Sunday, May 18, 2014

My Oxstead Visit

A Selfie of Sharon & Eileen. April 25, 2014

I was told over the phone by the lady I was about to meet: Look for a very old, very small lady. I used to be five foot two, but I have shrunk. With this picture lodged firmly in my mind, I hopped a train to Oxtead early on my first morning in London, with a plan to trot down the stairs at the Oxstead train station, and to meet up with Eileen Johnston, a granddaughter of Margaret Jackson. She also happens to be one of the grand-nieces of Sir Thomas Jackson (1841-1915) aka TJ, the focus of my research, so of course, we had to meet.

Margaret JACKSON in 1934, at age 81

But let me back up a moment. The grandmother of Eileen Johnston née McCullagh was Margaret Jackson (1853-1944), a woman who was just as remarkable as her famous older brother, but in quite a different arena, and of course there are no medals or renown for her kind of life.

Over the course of twenty one years, Margaret bore ten living children. For her time and place, that in itself was not so remarkable, nor was it remarkable that she had outlived two husbands, the first who had left her with four young children, the second who left her with six.  What was remarkable was that she was twenty-nine years old and three months pregnant with her fourth child when her first husband died, and then forty-four years old and five months pregnant with her tenth child when her second husband died. She then lived on for another forty-seven years.

A 1920s photo of Margaret Jackson and five of her ten children.
Margaret's youngest child, John Andrew McCullagh (1897-1971), like so many of the extended Jackson clan, served in banking in the Far East. He was with the Chartered Bank of India, Australia and China, now known as the Standard Chartered Bank. His older brother David McCullagh briefly served with HSBC before WWI intervened and he was killed in France at age nineteen.

The two brothers had both attended private schools in Ireland, as did all of their siblings, with all tuition paid for by their uncle Sir Thomas Jackson. Thomas’ wife Amelia was known to grouse about this, paying for all these nieces and nephews. Unfortunately, Amelia does not come off too well in many of the Jackson family recollections. We were never invited to Stanstead is a common refrain amongst the previous generation of my cousins. It may be that Amelia thumbed her bible with more regularity than her husband Thomas, and attended church services with great devotion, which he did not, but if letters are to be believed, it was he who lived out a life of charity.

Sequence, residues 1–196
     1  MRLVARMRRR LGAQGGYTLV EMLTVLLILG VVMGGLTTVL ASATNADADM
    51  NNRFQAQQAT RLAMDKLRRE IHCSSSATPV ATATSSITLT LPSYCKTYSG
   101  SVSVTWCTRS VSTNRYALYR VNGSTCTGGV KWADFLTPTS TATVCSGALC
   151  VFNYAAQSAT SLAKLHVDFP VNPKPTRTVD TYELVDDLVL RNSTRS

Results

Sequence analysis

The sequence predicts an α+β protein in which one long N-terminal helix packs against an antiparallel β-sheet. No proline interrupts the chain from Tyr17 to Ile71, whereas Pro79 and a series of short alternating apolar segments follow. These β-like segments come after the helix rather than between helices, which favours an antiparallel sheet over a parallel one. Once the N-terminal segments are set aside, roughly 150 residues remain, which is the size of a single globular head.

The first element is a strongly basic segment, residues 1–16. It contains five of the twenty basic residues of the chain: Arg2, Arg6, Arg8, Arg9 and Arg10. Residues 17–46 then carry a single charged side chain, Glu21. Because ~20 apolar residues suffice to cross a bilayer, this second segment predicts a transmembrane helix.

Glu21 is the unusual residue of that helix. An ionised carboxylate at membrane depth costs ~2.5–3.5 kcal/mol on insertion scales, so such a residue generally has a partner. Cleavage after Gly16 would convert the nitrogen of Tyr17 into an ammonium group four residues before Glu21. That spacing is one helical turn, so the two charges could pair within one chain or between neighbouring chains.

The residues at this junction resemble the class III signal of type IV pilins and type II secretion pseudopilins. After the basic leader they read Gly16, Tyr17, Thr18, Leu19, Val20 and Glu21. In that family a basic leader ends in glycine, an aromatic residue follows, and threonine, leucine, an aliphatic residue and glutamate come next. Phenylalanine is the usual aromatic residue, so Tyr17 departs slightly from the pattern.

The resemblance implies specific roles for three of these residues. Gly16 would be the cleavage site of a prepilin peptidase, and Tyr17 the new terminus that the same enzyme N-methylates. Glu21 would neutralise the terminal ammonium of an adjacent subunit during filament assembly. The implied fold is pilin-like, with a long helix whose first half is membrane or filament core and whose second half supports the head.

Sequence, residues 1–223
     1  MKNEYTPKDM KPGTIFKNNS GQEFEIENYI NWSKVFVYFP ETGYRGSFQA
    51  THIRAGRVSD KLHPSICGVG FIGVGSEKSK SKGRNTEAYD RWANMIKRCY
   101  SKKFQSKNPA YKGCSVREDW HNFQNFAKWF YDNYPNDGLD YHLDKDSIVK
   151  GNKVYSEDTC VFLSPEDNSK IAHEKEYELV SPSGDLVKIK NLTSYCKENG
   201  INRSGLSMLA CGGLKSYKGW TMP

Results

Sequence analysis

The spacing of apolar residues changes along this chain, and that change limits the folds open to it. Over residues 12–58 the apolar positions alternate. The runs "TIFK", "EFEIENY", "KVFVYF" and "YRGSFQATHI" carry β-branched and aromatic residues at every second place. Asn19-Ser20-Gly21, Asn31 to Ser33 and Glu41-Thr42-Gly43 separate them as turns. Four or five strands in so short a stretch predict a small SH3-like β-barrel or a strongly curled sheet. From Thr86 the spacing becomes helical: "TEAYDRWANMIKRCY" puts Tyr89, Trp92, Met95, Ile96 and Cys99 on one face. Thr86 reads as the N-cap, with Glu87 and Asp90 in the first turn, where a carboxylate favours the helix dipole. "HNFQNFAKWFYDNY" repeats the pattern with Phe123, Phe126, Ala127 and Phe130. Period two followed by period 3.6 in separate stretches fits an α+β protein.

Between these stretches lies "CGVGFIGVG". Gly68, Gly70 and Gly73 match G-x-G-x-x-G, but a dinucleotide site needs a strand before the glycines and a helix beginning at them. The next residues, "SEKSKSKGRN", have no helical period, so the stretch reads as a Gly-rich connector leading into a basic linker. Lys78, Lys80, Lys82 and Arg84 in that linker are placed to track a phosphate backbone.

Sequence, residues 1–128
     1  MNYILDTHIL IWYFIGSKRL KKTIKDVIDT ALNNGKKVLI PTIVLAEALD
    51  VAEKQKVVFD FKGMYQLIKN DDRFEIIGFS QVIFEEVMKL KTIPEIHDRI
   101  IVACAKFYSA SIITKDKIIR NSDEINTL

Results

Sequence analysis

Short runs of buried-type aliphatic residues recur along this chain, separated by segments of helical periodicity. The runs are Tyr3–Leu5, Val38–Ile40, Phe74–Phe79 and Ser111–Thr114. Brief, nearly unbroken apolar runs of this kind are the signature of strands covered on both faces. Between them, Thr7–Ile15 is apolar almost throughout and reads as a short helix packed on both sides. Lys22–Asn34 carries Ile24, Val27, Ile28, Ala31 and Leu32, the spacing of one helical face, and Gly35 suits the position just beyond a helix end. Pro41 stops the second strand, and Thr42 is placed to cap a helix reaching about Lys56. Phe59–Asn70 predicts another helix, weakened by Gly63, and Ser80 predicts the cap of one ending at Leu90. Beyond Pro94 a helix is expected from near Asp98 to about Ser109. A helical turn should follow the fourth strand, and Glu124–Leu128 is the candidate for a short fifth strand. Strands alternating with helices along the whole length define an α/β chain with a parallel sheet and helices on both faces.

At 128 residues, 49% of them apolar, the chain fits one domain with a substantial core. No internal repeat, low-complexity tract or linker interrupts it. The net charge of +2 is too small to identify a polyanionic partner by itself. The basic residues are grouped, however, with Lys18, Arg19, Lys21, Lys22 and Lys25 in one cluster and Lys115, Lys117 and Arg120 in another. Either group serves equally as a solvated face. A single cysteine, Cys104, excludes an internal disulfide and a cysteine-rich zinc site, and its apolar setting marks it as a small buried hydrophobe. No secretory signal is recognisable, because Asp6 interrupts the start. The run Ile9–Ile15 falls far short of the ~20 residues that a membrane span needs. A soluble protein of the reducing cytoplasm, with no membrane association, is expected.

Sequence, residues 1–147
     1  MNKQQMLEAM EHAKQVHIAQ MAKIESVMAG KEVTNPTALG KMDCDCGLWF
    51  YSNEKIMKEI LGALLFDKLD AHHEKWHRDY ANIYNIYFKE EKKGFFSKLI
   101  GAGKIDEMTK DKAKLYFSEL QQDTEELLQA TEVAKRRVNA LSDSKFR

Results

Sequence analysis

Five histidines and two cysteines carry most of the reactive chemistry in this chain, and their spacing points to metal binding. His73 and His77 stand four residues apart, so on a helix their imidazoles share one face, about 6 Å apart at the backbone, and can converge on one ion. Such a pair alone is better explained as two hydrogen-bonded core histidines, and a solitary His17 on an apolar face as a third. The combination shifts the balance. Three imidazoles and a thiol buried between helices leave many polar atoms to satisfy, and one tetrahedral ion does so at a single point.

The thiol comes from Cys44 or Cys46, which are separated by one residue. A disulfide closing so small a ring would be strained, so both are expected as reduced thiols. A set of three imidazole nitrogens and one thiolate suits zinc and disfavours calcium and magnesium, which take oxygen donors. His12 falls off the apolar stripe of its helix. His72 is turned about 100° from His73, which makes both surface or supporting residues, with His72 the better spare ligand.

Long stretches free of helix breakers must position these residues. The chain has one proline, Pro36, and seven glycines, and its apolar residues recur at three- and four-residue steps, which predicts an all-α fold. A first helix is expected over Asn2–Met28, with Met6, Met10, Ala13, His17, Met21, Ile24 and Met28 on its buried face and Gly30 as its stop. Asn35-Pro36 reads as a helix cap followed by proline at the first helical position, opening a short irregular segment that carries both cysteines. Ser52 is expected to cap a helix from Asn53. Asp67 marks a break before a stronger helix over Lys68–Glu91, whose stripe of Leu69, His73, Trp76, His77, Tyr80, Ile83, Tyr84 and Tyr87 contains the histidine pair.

As a consequence of John Andrew McCullagh’s banking career, Eileen was born in Singapore in 1930. She knows full well what it was like to be punted off to England for schooling, and to not see her mother for seven long years. In this, she was not alone. Many of our family members, whose parents had careers in the Far East, experienced this lot in life. By the time that Eileen and her mother reconnected, her mother had forgotten, had she ever known, how to be a mother to her daughter.

Not that this seems to have diminished Eileen in the least. In fact, I would say that she was a good two inches taller than she had lead me to believe when we had first chatted on the phone in London. Now in her mid-80s, she also sparkles with the same kind of lively intelligence that I have come to expect in so many of her generation of Jacksons. She also has the renowned Jackson gift of putting strangers at their ease, hosting with abundance, and having a sprightly curiosity about a huge range of topics.

A wonderful lunch - of which this was only a part. Eileen had prepared it ahead of time because we would have so much to talk about when I arrived. This turned out to be totally true.
Eileen’s copy of Wayfoong, Maurice Collis' 1965 history which had been presented formally to her by HSBC,  had all sorts of memorabilia inserted within it. Amongst them, were were some photos of TJs statue that I hadn’t yet seen. This statue has been mounted on a range of differently sized plinths over the decades. Sometimes this means that the statue is accessible. Other times it seems to be intended to lord over Statue Square. That is the last thing that would have been in keeping with the man.

China Mail March 30, 1974.
There was much, much more that Eileen shared with me, but one of best bits was an 1875 letter written by TJ’s sister Margaret the morning after she and her husband returned from their honeymoon in Scotland. In it, she tells her sister Mary all about the celebrations organized by their neighbours to greet them upon their return. The people all collected for miles around, and had tar-barrels burning, and bonfires on every hill within sight.

This letter alone is worth of a couple of posts. In one, I will post copies of photos of several of the people mentioned in the letter. In the second, I will include an annotated version of my transcription.

Link to letter.
Link to photos.

1 comment:

  1. Wow. I love all the people that you have connected with as a result of this amazing quest of yours. Thank you for letting us 'meet' them too :)